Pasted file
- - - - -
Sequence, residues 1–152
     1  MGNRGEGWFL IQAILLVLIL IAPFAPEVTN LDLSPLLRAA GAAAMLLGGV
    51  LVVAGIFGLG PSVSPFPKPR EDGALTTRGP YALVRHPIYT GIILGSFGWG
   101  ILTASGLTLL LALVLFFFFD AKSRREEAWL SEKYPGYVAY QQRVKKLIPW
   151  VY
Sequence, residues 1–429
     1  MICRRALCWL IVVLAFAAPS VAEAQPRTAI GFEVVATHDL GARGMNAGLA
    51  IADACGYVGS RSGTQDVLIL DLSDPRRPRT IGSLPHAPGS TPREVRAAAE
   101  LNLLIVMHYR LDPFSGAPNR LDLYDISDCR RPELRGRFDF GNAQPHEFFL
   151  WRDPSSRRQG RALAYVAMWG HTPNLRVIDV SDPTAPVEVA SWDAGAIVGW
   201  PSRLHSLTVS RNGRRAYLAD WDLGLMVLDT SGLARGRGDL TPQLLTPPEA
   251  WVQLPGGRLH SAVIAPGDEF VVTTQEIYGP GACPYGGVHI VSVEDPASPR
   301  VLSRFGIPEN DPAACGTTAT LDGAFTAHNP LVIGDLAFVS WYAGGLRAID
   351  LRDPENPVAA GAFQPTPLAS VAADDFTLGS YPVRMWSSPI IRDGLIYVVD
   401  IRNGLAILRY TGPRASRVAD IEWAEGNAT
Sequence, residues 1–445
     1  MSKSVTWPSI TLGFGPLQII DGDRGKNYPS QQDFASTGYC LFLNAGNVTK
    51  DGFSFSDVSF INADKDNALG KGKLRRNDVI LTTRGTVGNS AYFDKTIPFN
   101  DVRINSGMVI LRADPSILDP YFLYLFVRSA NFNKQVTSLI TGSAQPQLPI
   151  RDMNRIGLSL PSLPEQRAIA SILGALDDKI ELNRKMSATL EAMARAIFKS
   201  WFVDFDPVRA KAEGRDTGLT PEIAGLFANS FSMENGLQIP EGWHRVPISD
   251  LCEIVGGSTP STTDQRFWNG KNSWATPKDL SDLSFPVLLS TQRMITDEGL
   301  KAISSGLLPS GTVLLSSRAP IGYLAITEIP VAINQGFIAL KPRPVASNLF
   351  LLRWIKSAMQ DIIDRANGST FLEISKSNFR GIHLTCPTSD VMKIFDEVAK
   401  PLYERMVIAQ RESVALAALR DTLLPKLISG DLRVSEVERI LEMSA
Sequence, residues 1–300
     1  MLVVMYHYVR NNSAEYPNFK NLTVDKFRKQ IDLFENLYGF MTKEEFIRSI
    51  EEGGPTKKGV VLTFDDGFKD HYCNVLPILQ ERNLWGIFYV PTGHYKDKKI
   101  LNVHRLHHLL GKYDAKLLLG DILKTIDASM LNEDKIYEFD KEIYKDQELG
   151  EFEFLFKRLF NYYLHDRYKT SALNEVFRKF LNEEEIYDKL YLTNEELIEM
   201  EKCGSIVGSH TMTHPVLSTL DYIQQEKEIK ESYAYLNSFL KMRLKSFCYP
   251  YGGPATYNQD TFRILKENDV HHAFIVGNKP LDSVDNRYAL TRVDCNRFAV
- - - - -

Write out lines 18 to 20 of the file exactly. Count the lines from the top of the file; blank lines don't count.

    51  DGFSFSDVSF INADKDNALG KGKLRRNDVI LTTRGTVGNS AYFDKTIPFN
   101  DVRINSGMVI LRADPSILDP YFLYLFVRSA NFNKQVTSLI TGSAQPQLPI
   151  RDMNRIGLSL PSLPEQRAIA SILGALDDKI ELNRKMSATL EAMARAIFKS